Keep Feeding Tubes, Pope Tells Conference
THE ASSOCIATED PRESS, March 21 — Removal of feeding tubes from people in vegetative states is “immoral,” according to Pope John Paul II, and no judgment on their quality of life could justify what he calls “euthanasia by omission.”
The Holy Father made his comments March 20 to participants at a Vatican conference regarding the ethical dilemmas involving incapacitated patients, the wire service reported. It was organized by the World Federation of Catholic Medical Associations and the Pontifical Academy for Life.
Even the medical term used to describe people in a “persistent vegetative state” is degrading to them, the Pope said. No matter how sick a person is, he said, “he is and always will be a man, never becoming a ‘vegetable’ or ‘animal.’”
Giving food and water to patients is natural ordinary and proportional care, John Paul said, not artificial medical intervention.
The Real Definition of a Martyr
AGENZIA GIORNALISTICA ITALIA, March 23 — Thirty-five Catholic missionaries were killed in 2003. They are what the Vatican calls martyrs.
But the word martyr is more often being used to describe Islamic suicide bombers, and the Vatican doesn't want the terrorists to be mixed up with Christian martyrs.
“Martyrdom is mentioned in lay terms. Islamic suicide bombers are called martyrs. But the sahid, the ‘suicide martyr,’ is completely different from the Christian martyr,” according to historian Andrea Riccardi in presenting the book Faith and Martyrdom, promoted by the Congregation for Eastern Churches.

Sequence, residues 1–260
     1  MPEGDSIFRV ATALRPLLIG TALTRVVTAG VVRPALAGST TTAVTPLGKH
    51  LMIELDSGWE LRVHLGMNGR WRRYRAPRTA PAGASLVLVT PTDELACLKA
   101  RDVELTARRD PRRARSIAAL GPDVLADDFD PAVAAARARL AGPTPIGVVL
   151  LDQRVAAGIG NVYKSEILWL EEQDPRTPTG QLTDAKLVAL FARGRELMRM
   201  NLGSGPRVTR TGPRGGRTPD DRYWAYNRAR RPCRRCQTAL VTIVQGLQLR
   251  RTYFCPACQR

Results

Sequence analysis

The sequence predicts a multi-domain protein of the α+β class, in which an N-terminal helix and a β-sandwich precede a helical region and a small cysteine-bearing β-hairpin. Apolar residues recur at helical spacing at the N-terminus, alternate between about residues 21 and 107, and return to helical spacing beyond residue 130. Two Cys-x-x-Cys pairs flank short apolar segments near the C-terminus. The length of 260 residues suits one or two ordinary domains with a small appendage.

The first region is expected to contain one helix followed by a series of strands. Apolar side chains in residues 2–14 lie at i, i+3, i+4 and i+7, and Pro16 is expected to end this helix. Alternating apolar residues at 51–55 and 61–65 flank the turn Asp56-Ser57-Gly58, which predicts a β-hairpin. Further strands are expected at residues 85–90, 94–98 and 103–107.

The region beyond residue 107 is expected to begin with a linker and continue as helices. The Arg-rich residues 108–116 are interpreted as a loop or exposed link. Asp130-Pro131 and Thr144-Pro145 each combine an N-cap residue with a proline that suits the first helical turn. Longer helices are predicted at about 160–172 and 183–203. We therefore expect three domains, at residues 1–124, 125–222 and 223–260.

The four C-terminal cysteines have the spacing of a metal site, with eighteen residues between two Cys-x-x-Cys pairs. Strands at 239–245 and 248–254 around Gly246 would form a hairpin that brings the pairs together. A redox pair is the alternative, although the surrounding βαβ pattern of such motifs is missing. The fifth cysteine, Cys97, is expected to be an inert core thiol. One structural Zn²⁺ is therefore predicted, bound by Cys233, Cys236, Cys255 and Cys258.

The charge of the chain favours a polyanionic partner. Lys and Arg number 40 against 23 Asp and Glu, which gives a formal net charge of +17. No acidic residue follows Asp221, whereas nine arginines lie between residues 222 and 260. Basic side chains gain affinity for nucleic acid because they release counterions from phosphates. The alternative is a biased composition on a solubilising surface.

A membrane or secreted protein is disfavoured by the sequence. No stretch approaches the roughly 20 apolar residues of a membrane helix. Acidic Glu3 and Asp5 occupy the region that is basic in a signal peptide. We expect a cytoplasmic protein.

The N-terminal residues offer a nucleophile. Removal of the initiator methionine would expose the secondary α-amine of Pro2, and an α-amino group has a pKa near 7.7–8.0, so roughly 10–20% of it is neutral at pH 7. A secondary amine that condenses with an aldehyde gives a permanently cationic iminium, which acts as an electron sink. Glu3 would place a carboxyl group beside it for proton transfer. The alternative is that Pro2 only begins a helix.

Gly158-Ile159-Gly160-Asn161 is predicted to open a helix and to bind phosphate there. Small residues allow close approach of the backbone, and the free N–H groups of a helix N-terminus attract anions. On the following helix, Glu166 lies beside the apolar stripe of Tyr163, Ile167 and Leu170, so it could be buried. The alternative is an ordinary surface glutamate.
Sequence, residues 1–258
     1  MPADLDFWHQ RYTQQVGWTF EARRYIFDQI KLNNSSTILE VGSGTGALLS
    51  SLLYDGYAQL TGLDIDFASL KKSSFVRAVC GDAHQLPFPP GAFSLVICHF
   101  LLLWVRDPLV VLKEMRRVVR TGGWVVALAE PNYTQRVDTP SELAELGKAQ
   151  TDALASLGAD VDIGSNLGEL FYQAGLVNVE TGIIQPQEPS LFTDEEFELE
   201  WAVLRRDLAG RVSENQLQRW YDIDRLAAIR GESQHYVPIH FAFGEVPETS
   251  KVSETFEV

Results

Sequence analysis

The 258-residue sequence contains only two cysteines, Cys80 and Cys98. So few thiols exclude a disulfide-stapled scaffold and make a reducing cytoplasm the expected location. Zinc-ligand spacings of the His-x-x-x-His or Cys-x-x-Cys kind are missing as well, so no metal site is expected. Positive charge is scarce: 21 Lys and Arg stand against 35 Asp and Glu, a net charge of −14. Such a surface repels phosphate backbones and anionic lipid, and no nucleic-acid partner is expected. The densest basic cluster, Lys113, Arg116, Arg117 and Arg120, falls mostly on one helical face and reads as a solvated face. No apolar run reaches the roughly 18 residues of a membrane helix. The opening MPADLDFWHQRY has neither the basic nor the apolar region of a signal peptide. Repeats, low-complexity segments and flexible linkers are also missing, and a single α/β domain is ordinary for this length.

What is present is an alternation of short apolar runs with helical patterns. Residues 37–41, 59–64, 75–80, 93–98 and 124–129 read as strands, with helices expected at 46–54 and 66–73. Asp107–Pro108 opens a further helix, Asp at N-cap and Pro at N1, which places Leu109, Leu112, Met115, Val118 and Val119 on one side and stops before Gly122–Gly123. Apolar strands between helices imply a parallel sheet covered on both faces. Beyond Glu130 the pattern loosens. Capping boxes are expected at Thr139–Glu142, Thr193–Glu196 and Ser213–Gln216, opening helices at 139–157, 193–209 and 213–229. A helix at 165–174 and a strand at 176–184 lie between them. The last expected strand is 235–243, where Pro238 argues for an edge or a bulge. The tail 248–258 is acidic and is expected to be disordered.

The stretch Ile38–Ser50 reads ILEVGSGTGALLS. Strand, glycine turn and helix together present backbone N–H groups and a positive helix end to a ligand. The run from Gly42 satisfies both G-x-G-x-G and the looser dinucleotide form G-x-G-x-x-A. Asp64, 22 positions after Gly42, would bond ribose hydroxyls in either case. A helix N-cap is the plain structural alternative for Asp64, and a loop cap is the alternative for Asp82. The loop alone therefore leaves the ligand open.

The word martyr is being misused, Riccardi said.
“The Christian martyr doesn't kill himself to kill other people,” he said. “The Christian martyr gives his life to avoid that others be killed, to avoid quitting his faith, to support other believers, for love. … The Christian martyr has its own special role, which doesn't lead to revenge.”
Cardinal Pell Takes Over Titular Church
Cardinal Pell, who was made a cardinal last year, received the church as is custom for new cardinals. The parish church, Santa Maria Domenica Mazzarello, on the outskirts of Rome, was built in 1997 and named after the founder of the Salesian Order of Sisters.
Among the guests at the Mass were Cardinal Francis Stafford and Dr. John Herron, Australia's ambassador to the Holy See.
Cardinal: End Deadlock on Anti-Terrorism Treaty
AGENCE FRANCE-PRESSE, March 18 — Cardinal Renato Martino on March 18 called on the United Nations to approve a major anti-terrorism treaty, which has been held up for years.
Cardinal Martino, president of the Pontifical Council for Justice and Peace, said the main cause of the deadlock — a definition of the word terrorism — must end.
“We have to arrive at a definition and a rapid conclusion so that the entire international community can commit itself,” he said, calling terrorism a “horrible sickness of humanity.”
- April 4-10, 2004